Impossible glamour, p.1

Impossible Glamour, page 1


Impossible Glamour

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Impossible Glamour


  Maggie Marr


  Chapter 1

  Chapter 2

  Chapter 3

  Chapter 4

  Chapter 5

  Chapter 6

  Chapter 7

  Chapter 8

  Chapter 9

  Chapter 10

  Chapter 11

  Chapter 12

  Chapter 13

  Chapter 14

  Chapter 15

  Chapter 16

  Chapter 17

  Chapter 18

  Chapter 19

  Chapter 20

  Chapter 21

  Chapter 22

  Chapter 23

  Chapter 24

  About this Series

  Also by Maggie Marr

  About the Author


  An Excerpt from One Night for Love

  Sign up for the Maggie Marr newsletter to be the first to know about new releases and awesome giveaways!

  The Glamour Series

  This book is dedicated to Margaret Eloise Marr

  I love you and I’ve always known that you love me.

  Chapter 1


  Something was wrong. There was no good reason that I’d be called to the dean’s office during my surgical rotation. During any rotation. But surgery? That was particularly stress-inducing. Surgery was the residency I wanted. The residency I’d worked toward for the past seven years.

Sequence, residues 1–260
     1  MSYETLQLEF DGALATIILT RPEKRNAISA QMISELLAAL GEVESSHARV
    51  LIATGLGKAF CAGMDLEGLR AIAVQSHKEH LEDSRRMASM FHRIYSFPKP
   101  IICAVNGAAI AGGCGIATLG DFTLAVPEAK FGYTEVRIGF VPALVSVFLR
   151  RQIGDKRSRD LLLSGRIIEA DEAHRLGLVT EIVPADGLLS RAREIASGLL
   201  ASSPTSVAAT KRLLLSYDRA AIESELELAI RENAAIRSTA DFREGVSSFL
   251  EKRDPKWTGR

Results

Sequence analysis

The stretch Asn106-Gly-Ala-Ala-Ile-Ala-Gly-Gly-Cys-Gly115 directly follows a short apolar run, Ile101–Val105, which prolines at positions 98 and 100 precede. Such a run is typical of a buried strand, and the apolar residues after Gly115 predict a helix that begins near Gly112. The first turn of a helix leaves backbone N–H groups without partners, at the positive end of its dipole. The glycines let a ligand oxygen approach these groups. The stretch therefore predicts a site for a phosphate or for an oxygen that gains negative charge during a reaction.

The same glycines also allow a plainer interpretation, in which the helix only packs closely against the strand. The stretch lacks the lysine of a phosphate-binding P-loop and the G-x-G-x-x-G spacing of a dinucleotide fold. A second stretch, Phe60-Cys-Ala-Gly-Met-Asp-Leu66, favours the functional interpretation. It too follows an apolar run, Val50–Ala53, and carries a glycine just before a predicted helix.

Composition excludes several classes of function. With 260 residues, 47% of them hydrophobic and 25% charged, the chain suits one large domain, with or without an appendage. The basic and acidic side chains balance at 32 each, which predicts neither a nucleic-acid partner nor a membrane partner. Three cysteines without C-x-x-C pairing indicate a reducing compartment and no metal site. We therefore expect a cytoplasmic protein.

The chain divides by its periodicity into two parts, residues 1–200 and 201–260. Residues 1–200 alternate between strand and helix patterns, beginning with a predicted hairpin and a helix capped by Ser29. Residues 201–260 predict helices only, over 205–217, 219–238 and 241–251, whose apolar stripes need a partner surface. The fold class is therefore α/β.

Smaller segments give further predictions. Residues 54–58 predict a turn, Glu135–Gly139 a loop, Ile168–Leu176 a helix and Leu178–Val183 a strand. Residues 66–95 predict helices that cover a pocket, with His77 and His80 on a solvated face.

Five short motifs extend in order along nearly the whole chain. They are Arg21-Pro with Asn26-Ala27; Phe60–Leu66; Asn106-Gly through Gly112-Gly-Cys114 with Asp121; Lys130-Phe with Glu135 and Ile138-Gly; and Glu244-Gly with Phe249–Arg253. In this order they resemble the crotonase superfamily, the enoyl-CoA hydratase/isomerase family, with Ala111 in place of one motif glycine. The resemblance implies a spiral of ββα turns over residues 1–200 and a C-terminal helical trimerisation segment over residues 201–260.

My heart hammered against my ribs. I nodded to the dean’s assistant, who waved me by her desk. My fingertips grasped the cool metal doorknob. How unfamiliar, how unusual to be in trouble. I was first in my class, honors in every rotation; med school was a breeze. Only amongst my family was I considered an oddball troublemaker, but never in school. Never academic problems. Never, before now.

  I opened the door. Dean Talbot with her easy grace turned toward me, a smile on her face.

  “Ellen, always a pleasure.” She waved me closer and toward a chair. No trouble there.

  The problem, my problem, was already seated on the couch. The primary problem I’d faced the past two weeks was Doctor Lynn Kazowski.

  “Miss Legend.” Dr. Kazowski crossed her legs and leaned back into the sofa cushions.

  We’d rounded together earlier that day, then I’d watched her perform a lumpectomy. She’d made no indication that she would be present at my meeting with Dean Talbot.

  “Ellen.” Dean Talbot sat on the chair perpendicular to mine. “I suggested this meeting because Dr. Kazowski has some…” Dean Talbot paused and her gaze flicked from Dr. Kazowski to me. “Well, she has some concerns.”

  My heart careened in my chest. Concerns? In my entire academic career, no one had ever voiced concerns when it came to me and my ability to achieve my dreams and my desired future.